As you know, we have two boys. From time to time – like all children – one of them will be spectacularly sick. Occasionally this happens when I’m in charge. And being a typical man, I need to give my wife a graphic description when she comes home, so she’s in doubt as to how hard I’ve had to work…
“Blimey, Dav, it was spectacular. And I’m pretty sure there were carrots in there…”
At this point she holds her hand up to stop me. “Ed,” she says, “Too much information.”
Too much information…Right now, that’s how I feel when I look at my laptop. Because in the bottom right hand corner I have a word document, ominously called “To read.” And in that folder are all the articles – well, links to all the articles – that I really should read.
In the olden days, it was simple. Everything you needed to read came through on a piece of paper – and all you had to do was wait for a train journey. Then, instead of getting frustrated while you were parked in a siding at Newark, you could plough through your ‘to read’ pile. And by the time you reached Peterborough you’d have it all ripped in half and filed away in the British Rail rubbish bin. Then you could turn your attention to the spectacularly dull magazine (Livewire?) that BR fondly imagined was adequate compensation for missing your meeting.
But not these days. Everything arrives electronically – and relentlessly. And with technology and social media changing so quickly it seems there’s more and more that I feel I need to read. So I have my word document – and when I see something that I think I should look at, I write a one-line description, then copy and paste the link.
Clearly, this situation is not going to improve: in fact with the relentless growth of webinars-that-I-think-I-should-watch, it’s going to get a lot worse. So what can we do about it? Here are my tips for coping with TMIS (Too Much Information Syndrome) – but please, I can’t be the only one suffering from this newly diagnosed condition. Let me know your ideas – because TMIS isn’t going away…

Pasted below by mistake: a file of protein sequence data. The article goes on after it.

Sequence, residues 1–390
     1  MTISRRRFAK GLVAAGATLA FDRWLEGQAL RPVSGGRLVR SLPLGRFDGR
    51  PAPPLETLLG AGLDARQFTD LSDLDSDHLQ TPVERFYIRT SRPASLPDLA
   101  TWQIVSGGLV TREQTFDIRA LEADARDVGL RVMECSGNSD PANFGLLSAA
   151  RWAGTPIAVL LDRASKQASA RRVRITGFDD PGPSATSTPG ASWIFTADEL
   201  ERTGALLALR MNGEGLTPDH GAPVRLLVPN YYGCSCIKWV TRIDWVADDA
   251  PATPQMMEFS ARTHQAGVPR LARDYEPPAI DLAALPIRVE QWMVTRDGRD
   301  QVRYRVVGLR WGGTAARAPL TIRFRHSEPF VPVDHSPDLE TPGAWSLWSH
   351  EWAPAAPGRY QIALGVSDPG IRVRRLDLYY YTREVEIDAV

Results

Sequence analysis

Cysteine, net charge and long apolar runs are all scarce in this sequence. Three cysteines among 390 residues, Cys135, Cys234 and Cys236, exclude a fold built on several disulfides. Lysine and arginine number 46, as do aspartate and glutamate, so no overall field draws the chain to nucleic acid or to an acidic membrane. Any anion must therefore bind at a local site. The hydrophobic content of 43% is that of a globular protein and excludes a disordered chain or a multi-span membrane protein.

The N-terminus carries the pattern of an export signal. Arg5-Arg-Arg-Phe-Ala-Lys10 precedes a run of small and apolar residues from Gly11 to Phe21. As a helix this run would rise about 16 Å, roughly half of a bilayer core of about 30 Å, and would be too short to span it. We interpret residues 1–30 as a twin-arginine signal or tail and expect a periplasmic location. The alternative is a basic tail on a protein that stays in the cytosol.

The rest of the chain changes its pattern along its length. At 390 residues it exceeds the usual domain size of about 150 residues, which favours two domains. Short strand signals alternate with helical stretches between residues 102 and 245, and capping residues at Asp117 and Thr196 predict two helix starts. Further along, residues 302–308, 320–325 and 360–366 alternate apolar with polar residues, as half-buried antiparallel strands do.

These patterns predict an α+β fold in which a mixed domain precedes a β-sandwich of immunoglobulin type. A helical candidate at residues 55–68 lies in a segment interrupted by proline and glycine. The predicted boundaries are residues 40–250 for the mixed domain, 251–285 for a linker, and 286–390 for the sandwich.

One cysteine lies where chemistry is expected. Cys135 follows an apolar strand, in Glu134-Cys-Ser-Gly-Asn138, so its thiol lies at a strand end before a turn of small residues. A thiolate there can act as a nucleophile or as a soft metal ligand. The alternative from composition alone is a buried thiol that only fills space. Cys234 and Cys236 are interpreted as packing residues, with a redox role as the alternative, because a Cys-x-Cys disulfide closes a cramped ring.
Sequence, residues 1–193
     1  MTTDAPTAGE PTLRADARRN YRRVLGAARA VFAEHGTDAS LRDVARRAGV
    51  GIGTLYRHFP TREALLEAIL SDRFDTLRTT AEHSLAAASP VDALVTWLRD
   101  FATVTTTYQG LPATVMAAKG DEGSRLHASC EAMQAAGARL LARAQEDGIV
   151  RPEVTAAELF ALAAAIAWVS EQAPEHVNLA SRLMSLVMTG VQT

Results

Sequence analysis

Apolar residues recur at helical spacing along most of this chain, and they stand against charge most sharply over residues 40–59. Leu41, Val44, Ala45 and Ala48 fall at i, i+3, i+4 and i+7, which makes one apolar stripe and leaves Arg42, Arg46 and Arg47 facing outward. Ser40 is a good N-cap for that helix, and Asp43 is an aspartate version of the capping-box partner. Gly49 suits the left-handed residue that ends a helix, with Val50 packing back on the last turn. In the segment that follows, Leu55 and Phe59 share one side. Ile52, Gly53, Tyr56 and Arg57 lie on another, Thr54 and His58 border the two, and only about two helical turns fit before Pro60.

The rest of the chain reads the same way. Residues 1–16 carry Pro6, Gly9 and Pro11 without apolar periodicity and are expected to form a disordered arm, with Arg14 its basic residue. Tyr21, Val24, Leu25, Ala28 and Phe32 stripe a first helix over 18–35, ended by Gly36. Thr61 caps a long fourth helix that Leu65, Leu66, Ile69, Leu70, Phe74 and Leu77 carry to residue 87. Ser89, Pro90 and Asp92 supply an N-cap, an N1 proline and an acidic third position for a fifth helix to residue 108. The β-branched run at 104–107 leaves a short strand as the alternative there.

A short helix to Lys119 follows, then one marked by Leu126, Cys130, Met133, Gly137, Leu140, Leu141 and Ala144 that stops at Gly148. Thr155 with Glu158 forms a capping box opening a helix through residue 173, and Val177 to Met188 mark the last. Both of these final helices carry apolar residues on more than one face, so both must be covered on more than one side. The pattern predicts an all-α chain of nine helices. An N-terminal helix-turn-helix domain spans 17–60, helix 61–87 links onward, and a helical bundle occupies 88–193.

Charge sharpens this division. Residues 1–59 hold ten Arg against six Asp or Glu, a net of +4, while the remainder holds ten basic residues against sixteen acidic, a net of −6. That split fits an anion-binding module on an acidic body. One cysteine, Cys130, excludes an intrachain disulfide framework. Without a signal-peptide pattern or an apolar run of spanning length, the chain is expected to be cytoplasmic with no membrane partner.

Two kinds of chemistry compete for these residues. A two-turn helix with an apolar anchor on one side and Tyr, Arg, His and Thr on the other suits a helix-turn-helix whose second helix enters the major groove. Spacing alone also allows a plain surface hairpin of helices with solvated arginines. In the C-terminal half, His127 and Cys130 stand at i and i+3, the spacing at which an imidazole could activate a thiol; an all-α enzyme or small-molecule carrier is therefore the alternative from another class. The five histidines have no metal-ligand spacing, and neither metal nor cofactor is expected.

- Use your mobile phone. OK, this possibly qualifies me as The Saddest Man in North Yorkshire, but if I’m early for an appointment, I can access the dreaded word doc on my phone, click the links and read a couple of the articles in say, ten minutes. Which I’d otherwise spend doing nothing much at all.
- Set some time aside. Easier said than done when you’ve a family, but I do try and grab an hour on Monday evening to plough through the virtual pile.
- Be ruthless. As any competent time-management guru will tell you, if you haven’t done it inside two weeks the chances are that you’re not going to do it. So if you do keep a list of virtual links, delete anything that’s more than a fortnight old. It’ll come round again – or it’ll be overtaken by some even newer technology.
- Rely on a single source. Limit yourself to reading a site like www.mashable.com and rely on them to make the choice for you.
- Not quite cutting-edge tech (and slightly off-topic), but if you really like reading business books but simply can’t find the time, try a site like www.summaries.com – 8 page summaries of the best business books with a new one added each week. A year’s subscription is $100, which at the current exchange rate is just over £1 a week.
As I say, those are my suggestions – but they’re not foolproof (my word doc keeps growing) so I’d love to hear what you do…
But finally, ladies and gentlemen, a bizarre case of life-imitating-art. First of all, thank you to everyone who responded to last week’s April Fool blog (and yes, most of you saw through it.) BUT it appears that there are grants available for mentoring – from the EU, no less. Oh ye of little faith – looks like it’ll be just Rich and me on the tennis court in Marbella. Your serve, fella…